Importance of the Cold Bore Shot

Shooting my bow in the evenings is one of my favorite thing to do this time of year.  It helps get the cobwebs out and puts me in the mind to bow hunt.  It also could go without saying that the practice time is irreplaceable when a shot in the field presents itself.  But am I doing all I can do to maximize my efforts?

As I watched my first shot strike the Block, I quickly took note of its impact.  Down and right about 3 inches.  “No big deal, I just wasn’t warmed up,” I said out loud to no one.  As I continued, my shots found their mark and I eased into a rhythm and was shooting quite well.  Then I had a moment of clarity.  When you’re bowhunting, you are never warmed up.  In fact, most of the time you’re quite the opposite.  Sit in a tree long enough, and you’re going to be downright uncomfortable at times.  If, at one of these times a target animal presents itself, you can’t lob a couple practice shots to get loosened up.  You have to make the shot the first time, often under less than ideal circumstances.

So am I saying you need to get uncomfortable to practice?  No, but you need to pay attention to your cold bore shot.  The first arrow you let fly is the most important of the practice session.  It is the closest thing to a live fire situation you can get, minus the adrenaline high.  Most people never think about it.  If the first shot is errant, most think nothing of it and just try harder the second time to mitigate the problem.  This does you no good.  The first shot means everything because in the field, you don’t get another one.

So how do you practice for this?  The short answer is developing a pre shot routine.  Professional golfers are famous for it.  It will start long before they address the ball.  You might see them stand ten feet behind the ball staring into the distance.  This is not arbitrary.  They’re taking stock of the wind, possible bounce, and most importantly picking a small target.  Once they address the ball, they might wag the club twice and initiate the swing on the third wag.  This might seem kind of  stupid, but a pre shot routine puts uniformity to the task at hand.  It ensures you do the same thing every time whether it is the first shot on the practice range or the final approach shot to the 18th green.  Shooting a bow is no different.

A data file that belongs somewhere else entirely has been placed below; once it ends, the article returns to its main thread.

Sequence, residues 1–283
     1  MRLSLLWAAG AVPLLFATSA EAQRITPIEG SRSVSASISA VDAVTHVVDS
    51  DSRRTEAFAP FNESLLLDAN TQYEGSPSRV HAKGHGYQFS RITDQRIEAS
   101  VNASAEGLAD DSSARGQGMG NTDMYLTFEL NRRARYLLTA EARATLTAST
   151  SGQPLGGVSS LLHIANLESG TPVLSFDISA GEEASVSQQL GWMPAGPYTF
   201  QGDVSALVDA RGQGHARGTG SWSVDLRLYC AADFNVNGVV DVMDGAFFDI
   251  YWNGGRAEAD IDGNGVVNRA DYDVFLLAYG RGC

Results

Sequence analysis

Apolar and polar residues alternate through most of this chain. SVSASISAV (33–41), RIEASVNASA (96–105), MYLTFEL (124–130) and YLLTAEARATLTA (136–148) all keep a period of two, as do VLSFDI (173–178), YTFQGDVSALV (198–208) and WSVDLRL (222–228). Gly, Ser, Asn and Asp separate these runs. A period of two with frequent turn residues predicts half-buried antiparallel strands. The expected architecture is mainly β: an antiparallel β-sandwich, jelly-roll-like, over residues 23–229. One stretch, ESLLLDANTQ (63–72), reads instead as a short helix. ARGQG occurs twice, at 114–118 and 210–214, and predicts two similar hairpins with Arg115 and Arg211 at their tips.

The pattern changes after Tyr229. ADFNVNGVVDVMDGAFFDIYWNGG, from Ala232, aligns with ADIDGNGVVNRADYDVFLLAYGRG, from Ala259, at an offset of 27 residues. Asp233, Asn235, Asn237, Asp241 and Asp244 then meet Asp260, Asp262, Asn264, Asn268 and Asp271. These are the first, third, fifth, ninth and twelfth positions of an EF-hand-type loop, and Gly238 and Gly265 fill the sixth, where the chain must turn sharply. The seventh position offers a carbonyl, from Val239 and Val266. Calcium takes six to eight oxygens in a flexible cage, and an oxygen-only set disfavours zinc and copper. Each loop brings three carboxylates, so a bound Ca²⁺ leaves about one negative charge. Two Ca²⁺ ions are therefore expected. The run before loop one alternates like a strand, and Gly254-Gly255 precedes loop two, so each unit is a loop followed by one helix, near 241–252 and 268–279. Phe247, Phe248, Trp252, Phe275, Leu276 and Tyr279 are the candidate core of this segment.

When you grab your bow and head to the back yard to practice, try and shoot every shot the exact same.  Check your stance, draw, anchor, deep breath, and release on the exhale.  Every single time.  When you establish a pre shot routine, your cold bore shot is executed the same as the 20th shot and the results should be the same.  The pre shot routine eliminates all the variables that contribute to errant shots.  In order to be consistent in this game you have to train like you play and establishing a solid pre shot routine will ensure your first shot looks like your last.